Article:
Okmulgee County: Democrat dominates commissioner race
With 790 people voting, Democrat Dan Artussee was elected to be the next Okmulgee County District 3 commissioner. He defeated Republican Kathy George-Spears by a 68 to 32 percent margin.
Pittsburg County: McAlester residents say yes on water upgrades
With just under 1,000 people casting ballots, 76 percent of voters in McAlester approved a $32.5 million bond project that will improve the city’s sanitary sewer and solid waste disposal facilities. McAlester voters also approved a 0.25 percent sales tax to help pay for the water system upgrades, which passed by a 80 to 20 percent margin.
Seminole County: Residents approve sales tax for treatment plant
Voters in the city of Seminole approved a 0.5 percent sales tax that will fund a new wastewater treatment plant. The current facility is nearly 100 years old. With 310 people casting votes, the tax was approved by a 90 to 10 percent margin.
Voters approve bond issues for four school districts
Four out of six Oklahoma school districts saw bond propositions pass Tuesday evening including Blackwell, Flower Mound, Pocola and Yukon Public Schools.
Voters also approved a proposition that will allow a partnership between Mangum Public Schools, located in Greer County, and the Southwest Technology Center for high school students to take courses. The proposition passed with about 66.85 percent of the vote and will also allow residents within the Mangnum Schools district to take courses at SWTC at a reduced tuition rate.
According to state law, bond propositions must receive a supermajority of at least 60 percent of the vote in order to be approved.
A $14.2 million bond issue for Laverne Public Schools that was expected to increase local property taxes by about 38.57 percent — and drew mixed feedback from community members on the district’s Facebook page — failed by a wide margin Tuesday. The proposition only received about 28.83 percent of the vote, with 711 ballots cast.
The bond issue would have allowed the district to construct a multi-purpose facility with a safe room to replace the district’s aging physical education building, as well as sports stadium improvements.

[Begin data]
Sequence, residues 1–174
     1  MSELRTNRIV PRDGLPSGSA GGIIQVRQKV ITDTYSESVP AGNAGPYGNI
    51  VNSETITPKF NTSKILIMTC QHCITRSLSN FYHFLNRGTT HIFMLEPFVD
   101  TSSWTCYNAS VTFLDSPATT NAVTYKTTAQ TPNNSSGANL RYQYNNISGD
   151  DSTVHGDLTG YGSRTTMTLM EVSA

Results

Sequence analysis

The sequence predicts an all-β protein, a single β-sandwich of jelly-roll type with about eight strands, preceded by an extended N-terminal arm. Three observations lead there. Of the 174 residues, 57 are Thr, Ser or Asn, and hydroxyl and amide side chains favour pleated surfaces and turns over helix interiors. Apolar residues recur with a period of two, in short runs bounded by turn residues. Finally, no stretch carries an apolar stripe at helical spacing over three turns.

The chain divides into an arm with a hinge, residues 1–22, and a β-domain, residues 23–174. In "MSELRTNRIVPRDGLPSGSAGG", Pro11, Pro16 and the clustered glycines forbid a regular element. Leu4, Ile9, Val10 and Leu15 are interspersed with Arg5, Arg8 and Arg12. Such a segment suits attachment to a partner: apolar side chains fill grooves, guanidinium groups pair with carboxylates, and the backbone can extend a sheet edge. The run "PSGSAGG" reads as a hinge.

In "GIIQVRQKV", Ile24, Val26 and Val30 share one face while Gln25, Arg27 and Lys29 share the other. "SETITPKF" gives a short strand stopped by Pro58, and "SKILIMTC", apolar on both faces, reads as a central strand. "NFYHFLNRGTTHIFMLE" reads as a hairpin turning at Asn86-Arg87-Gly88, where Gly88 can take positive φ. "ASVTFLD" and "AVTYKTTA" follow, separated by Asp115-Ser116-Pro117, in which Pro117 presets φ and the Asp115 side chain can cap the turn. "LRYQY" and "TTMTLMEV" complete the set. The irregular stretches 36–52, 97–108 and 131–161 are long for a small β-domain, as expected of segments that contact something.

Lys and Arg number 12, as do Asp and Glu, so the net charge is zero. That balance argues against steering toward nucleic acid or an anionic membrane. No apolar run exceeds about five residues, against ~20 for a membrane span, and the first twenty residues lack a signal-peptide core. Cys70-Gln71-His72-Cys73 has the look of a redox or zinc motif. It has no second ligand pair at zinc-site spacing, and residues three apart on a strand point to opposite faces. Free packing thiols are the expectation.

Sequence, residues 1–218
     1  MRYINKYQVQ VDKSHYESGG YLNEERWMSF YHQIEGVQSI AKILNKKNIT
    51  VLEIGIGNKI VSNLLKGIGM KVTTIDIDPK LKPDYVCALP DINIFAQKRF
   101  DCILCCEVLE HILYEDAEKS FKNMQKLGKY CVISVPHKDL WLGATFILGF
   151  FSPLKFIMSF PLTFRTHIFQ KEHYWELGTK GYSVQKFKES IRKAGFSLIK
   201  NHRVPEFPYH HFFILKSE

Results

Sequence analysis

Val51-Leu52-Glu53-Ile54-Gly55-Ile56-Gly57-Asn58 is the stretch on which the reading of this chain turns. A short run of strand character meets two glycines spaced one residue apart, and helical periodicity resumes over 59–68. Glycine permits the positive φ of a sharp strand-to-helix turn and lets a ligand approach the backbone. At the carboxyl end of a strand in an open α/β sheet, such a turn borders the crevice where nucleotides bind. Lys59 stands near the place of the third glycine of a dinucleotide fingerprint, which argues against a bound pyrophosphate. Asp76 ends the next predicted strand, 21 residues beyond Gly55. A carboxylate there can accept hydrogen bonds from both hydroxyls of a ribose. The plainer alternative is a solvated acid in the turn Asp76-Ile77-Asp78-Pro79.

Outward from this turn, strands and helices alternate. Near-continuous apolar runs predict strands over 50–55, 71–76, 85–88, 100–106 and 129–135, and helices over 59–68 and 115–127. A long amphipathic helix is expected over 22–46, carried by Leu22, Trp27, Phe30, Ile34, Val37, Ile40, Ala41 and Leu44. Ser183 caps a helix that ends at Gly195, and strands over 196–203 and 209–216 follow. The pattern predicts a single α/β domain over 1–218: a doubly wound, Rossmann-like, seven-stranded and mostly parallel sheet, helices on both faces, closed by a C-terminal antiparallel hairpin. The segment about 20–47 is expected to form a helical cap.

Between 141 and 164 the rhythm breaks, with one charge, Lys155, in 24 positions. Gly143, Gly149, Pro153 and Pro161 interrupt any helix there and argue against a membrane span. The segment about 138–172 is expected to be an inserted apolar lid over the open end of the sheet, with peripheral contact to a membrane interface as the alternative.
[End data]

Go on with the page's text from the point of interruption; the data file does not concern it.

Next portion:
Colcord Public Schools south of Jay also saw their bond issue fail after receiving only about 48.92 percent of the vote, with 370 total ballots cast. The $6.8 million bond issue would have been used to remodel the district’s middle school, renovate the district’s elementary school to include a community storm shelter, construct an addition to the vocational agriculture building and other renovations.
Voters approved two bond propositions totaling about $194.2 million for Yukon Public Schools.
The first proposition, totaling about $189.2 million, received 70.91 percent of the vote and will allow the district to construct a new performing arts center, college and career center and indoor activity center as well as district-wide renovations. The second proposition, totaling $5 million, received 73.41 percent of the vote and will be used for district transportation.
Pocola Public Schools voters also approved two bond propositions totaling about $1.1 million. The first proposition, totaling $600,000, was narrowly approved by voters with 60.88 percent of the vote and will be used for renovations and repairs to existing school sites and football, softball and baseball fields. The second proposition, totaling $500,000, will be used for district transportation and saw slightly better voter support with about 67.44 percent of the votes cast in approval.
Flower Mound Public School, a pre-K through fifth-grade school in Comanche County, will be able to construct an early childhood development center after a $2 million bond proposition was barely approved by voters with about 60.38 percent of the vote.
Blackwell Public Schools voters also approved a $23.5 million bond issue for district wide repairs with about 80.71 percent of the vote.